How do the world's best athletes accomplish such amazing things in their sport? This Emmy Award-winning series attempts to find out by performing innovative experiments in state-of-the-art scientific facilities. Host John Brenkus, a four-time Ironman Triathlon competitor, also serves as the show's test dummy, if you will, as he's often flattened, dragged, choked or otherwise abused in these tests, which place him up against top-notch pro athletes performing their specific skill. The goal is to help viewers elevate not only their own athletic skills but also their human potential.
aired 358 days ago
John Brenkus and the Sport Science team provide some perspective on this year's NBA Draft class, exploring and measuring their individual skills.
aired 520 days ago
Host John Brenkus chooses the plays of the year.
aired 533 days ago
The top plays from the past NFL season are examined.
While "SportsNation" is hosted by Cari Champion, Marcellus Wiley and LZ Granderson, it's really powered by the people, fueled by fan interaction and focused on fun. The lighthearted, hourlong weekday series attracts the youngest demographic of all of ESPN's studio shows, and it's different than many of the network's offerings in that fan engagement and clever, imaginative segments are at the heart of the program. While they day's hottest and weirdest sports topics are covered, also included is discussion of the smaller stories that people are taking about on the internet but often aren't seen on TV.
The debate is the story in this fast-paced, half-hour series hosted by former Washington Post sportswriters Tony Kornheiser and Michael Wilbon. The pair engage in high-energy discussions, conduct interviews and often argue over topics not even related to sports. Other sports reporters appear as guests and offer opinions on the top stories of the day.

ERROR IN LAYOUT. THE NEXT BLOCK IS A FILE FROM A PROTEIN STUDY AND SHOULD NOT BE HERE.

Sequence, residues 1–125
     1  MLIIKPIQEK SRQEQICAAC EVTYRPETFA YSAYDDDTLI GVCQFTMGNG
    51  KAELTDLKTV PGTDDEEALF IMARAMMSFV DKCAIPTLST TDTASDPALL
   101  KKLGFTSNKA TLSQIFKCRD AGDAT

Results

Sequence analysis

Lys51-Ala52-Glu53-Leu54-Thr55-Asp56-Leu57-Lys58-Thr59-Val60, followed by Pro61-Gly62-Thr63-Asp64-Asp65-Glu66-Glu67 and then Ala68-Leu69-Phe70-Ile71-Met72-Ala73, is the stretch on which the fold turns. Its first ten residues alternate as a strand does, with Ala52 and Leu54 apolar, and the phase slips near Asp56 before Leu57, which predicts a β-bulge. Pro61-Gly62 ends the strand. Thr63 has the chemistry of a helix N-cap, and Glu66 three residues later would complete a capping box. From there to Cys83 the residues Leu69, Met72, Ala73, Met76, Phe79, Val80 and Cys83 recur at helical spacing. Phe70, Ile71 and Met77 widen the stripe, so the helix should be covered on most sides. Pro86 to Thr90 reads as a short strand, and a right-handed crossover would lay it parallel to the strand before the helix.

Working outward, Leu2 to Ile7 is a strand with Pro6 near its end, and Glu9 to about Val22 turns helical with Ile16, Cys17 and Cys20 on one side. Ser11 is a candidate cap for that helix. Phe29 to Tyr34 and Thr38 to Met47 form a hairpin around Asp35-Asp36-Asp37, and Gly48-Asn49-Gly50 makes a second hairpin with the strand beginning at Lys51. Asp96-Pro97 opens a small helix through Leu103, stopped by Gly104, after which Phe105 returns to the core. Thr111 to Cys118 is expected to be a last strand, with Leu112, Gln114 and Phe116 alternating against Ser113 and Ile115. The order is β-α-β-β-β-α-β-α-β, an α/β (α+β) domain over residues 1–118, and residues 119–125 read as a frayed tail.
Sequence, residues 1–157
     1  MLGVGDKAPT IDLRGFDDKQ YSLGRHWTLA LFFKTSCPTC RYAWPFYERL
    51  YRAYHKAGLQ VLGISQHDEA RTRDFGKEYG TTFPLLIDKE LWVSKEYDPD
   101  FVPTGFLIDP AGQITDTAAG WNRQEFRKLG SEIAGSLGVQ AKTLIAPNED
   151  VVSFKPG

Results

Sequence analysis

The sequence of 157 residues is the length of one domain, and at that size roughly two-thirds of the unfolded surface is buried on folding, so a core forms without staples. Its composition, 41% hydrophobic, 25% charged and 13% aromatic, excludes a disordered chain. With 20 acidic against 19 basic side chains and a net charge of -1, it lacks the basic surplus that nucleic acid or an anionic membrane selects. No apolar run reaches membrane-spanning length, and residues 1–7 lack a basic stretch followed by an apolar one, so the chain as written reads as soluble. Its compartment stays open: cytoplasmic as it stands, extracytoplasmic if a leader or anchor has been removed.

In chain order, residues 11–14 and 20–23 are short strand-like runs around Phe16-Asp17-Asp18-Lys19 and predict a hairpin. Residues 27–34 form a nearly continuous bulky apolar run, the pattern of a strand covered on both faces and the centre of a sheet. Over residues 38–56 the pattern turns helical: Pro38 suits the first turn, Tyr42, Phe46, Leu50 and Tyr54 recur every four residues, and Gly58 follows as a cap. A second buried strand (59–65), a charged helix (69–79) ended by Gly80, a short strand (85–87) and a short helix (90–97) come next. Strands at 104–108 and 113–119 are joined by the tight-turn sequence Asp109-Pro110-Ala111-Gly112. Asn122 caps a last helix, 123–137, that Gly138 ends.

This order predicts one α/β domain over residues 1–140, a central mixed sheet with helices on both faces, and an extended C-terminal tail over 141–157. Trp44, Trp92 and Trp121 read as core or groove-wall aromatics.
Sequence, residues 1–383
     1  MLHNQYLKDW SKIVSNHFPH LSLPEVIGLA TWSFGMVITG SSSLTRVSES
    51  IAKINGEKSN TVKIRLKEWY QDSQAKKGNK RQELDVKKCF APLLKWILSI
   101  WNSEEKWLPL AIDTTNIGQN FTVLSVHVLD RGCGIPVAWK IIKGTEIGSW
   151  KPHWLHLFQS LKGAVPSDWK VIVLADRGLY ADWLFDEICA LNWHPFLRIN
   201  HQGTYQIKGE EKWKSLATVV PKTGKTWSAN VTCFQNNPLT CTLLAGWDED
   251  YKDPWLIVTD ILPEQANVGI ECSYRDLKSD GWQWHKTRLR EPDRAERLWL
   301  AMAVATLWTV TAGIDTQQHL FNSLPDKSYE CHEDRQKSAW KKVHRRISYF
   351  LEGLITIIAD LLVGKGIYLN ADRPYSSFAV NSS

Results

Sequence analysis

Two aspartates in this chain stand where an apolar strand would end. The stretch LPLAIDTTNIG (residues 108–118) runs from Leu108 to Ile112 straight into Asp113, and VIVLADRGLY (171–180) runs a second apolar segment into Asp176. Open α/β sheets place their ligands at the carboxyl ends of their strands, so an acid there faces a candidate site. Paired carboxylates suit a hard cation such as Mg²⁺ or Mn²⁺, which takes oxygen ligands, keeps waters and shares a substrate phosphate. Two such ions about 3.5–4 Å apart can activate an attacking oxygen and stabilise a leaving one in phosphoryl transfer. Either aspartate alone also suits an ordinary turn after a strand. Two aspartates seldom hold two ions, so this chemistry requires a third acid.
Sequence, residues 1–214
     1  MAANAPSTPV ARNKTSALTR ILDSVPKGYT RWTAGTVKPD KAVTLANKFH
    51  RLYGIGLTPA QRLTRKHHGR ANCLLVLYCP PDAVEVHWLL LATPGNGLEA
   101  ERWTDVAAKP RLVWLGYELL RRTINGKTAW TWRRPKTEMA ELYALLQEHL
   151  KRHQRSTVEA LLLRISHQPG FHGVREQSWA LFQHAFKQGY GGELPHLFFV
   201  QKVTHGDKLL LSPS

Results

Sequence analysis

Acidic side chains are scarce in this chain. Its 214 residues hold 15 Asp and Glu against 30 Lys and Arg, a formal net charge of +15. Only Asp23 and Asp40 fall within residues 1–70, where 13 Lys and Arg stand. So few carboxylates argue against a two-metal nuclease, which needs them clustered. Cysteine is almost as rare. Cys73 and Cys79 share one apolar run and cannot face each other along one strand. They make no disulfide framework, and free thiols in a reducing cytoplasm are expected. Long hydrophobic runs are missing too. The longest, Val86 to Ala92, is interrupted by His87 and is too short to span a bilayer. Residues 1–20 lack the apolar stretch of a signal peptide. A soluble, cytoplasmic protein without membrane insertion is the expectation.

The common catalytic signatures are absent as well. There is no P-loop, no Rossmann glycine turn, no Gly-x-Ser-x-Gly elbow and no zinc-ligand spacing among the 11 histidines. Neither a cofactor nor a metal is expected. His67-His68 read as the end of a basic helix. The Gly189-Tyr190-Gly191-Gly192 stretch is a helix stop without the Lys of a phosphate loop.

Host Bob Ley investigates sports issues off the field. The series covers a range of sports and controversies, correspondents share inspirational or sensational stories and Ley reads viewer e-mails on a variety of topics.
The latest news, highlights and inside information from every corner of the sports world is presented each day on "SportsCenter," ESPN's first-ever program when the network debuted in September of 1979. The flagship series airs an evening edition and a brand new midnight show each weekday before the stage is cleared for a live "SportsCenter" morning block that emphasizes fast-paced, highlights-driven reports and what's new on social media platforms.
Hosted by Tony Reali in the ESPN studio and joined via satellite by four sports reporters from across the country, the team debates popular sports stories. Reali acts as moderator, giving points for well-made arguments and deducting points for those who inspire him to hit the "mute" button. At the end of the show, whomever Reali deems the winner has 30 seconds without interruption to voice their final opinions on any topic they want.